From NY Post:
Nice doormen finish last.
Ralph Body was booted from a luxe Long Island City apartment building — for being too accommodating to its well-heeled tenants, he told The Post.
Body, 41, said he “gave his life” to the glimmering Queens tower called 27 on 27th ever since it opened two years ago a few blocks from the East River.
He didn’t just hold the door. He did anything and everything residents asked him to do — check on pets, clean litter boxes, water plants, hold packages, even show $4,200 apartments to new tenants if need be, he said.
“Everything I did, somebody asked me to do, or there was a need for it,” Body said.
But the door suddenly slammed shut on the collegial “Melrose Place”-like atmosphere last Sunday, when the staffing company that placed him at the posh building told him “upper management” wanted him out, he said.
“They said, ‘We know you did it for the right reasons, but unfortunately . . . you’re too nice to the tenants.’”
He tried to plead his case: “I told them, ‘When the tenants ask me to do something, I’m going to say yes.’
“But they said, ‘You do things for them which you shouldn’t be doing. And unfortunately, in this case, nice guys finish last,’ ” he continued.
Body said he was “shocked” at being shown the door — and so were tenants who are now rallying to bring him back.
“Going above and beyond your work duties shouldn’t be punished — it should be praised,” reads a petition to reinstate Body. “We stand with Ralph.”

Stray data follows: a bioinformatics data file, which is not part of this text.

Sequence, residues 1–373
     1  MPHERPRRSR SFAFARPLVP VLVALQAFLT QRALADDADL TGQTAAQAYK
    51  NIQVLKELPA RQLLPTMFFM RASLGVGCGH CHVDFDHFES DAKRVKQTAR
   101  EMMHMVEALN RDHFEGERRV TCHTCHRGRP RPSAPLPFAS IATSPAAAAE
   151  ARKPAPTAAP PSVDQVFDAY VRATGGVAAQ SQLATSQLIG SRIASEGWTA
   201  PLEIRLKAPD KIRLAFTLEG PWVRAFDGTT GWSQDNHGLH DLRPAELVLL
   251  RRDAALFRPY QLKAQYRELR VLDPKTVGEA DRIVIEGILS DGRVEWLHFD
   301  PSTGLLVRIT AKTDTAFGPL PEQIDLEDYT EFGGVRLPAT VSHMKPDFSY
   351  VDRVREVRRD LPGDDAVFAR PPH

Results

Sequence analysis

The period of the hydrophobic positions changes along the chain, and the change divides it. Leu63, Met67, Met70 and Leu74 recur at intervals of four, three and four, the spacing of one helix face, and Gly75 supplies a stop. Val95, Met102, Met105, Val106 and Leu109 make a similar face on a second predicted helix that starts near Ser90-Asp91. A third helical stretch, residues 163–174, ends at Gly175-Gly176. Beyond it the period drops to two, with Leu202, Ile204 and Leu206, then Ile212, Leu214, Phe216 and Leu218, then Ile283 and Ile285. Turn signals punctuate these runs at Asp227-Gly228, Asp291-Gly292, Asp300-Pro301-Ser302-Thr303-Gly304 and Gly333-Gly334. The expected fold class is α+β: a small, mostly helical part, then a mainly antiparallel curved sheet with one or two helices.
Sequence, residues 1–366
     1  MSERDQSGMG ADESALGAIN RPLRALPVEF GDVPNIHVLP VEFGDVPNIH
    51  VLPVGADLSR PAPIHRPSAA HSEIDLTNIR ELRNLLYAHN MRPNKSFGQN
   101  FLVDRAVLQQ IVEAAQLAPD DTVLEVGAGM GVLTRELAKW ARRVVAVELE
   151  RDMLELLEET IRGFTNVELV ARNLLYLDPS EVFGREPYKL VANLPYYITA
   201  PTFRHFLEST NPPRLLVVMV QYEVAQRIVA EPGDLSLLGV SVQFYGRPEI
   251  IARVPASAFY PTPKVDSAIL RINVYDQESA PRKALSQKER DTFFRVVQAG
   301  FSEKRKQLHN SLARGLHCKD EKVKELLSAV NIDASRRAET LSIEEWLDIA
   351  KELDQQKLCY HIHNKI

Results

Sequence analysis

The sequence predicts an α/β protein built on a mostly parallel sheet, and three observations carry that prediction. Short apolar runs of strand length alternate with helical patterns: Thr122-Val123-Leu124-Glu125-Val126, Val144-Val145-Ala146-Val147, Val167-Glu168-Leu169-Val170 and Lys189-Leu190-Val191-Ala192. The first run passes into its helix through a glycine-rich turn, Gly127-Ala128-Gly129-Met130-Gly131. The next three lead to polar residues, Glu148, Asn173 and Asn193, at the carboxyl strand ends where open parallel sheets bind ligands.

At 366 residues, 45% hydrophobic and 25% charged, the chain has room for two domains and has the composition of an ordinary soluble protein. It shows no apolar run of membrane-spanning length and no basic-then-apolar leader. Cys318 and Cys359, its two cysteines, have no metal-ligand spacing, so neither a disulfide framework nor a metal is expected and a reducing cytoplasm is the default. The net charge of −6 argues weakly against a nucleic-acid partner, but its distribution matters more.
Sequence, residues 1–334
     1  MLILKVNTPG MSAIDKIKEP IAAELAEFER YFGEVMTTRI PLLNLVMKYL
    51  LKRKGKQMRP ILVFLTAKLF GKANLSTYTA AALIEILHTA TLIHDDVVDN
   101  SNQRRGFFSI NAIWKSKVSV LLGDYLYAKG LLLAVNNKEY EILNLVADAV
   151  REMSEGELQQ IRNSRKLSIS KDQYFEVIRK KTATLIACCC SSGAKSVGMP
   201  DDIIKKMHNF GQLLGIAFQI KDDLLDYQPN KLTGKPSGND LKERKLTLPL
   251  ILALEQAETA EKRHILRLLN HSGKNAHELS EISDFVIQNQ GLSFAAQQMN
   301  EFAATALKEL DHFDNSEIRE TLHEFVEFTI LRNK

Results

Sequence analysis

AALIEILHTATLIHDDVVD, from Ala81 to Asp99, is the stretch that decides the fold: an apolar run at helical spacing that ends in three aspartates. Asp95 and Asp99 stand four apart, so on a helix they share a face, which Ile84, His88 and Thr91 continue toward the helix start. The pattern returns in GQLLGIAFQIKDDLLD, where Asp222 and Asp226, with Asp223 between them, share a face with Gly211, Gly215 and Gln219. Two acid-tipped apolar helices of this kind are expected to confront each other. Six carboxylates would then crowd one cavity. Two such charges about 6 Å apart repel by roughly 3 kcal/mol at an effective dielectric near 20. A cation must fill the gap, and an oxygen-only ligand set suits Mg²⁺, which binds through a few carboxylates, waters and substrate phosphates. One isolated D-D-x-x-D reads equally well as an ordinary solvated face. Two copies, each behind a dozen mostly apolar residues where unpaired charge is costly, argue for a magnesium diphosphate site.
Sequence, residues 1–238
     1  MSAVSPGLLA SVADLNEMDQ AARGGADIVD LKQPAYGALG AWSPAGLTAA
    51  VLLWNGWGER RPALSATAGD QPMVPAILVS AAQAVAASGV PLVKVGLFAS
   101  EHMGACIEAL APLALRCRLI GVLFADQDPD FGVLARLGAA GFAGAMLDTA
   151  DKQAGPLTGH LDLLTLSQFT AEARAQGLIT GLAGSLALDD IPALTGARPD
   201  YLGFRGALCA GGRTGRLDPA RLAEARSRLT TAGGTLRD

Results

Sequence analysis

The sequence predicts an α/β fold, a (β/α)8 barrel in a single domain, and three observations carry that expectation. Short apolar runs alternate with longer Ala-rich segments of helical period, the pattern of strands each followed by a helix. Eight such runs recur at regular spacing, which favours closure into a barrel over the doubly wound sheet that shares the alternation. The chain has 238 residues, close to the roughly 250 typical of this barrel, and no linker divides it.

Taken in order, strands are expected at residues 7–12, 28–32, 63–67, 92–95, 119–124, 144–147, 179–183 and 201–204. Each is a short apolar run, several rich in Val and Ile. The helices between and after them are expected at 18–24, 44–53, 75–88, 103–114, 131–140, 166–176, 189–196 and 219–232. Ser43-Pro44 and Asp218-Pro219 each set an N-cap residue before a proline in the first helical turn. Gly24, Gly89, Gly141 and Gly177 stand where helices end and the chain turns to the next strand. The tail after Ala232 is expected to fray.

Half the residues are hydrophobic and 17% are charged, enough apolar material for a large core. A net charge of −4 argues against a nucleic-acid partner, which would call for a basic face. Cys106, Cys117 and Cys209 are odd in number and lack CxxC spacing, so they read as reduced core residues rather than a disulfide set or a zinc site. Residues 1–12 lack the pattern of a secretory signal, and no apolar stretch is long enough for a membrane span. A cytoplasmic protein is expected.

It goes on: “Most tenants . . . can attest to Ralph’s kindness and eagerness to make people feel safe and welcome. In a transient city where most people are from other states and countries, 27 on 27th was a unique building that truly felt like ‘home’ from the moment you stepped through the front doors.”
Residents told The Post that Body was one of the main reasons they chose to live at the 27-story building, which boasts dazzling views of Manhattan, a yoga room, gym and game and film rooms — but competes with similarly outfitted towers rising in Queens.
“Ralph made this different than other luxury buildings,” said the tenant who started the petition, who asked to remain anonymous for fear of retribution from building management Heatherwood Communities.
A paper petition that the petition organizer left in the lobby mysteriously disappeared the next day, the tenant noted. “I would definitely have to think twice about my [lease] renewal now,” the resident said.
Tenants blamed Heatherwood for Body’s removal — not staffing company PBS Facility Services, which Body said has promised to find him work at a different building.
But for now, the only door he’s opening is to his apartment in the West Village. “They said I have to sit tight and wait,” Body said.
In an e-mail to tenants obtained by The Post, Heatherwood says there has been “misinformation” about Body’s removal.
“It was recently brought to our attention that Ralph did not follow PBS’s policies and procedures and after being spoken to several times, it was their decision to reassign him to another building,” the letter reads.
But residents aren’t buying it.
“Heatherwood wants impartial professionalism,” said tenant Dr. Michael Dardano. “I don’t want to live in an environment like that — where there are robots at the front desk.”
Heatherwood refused to comment.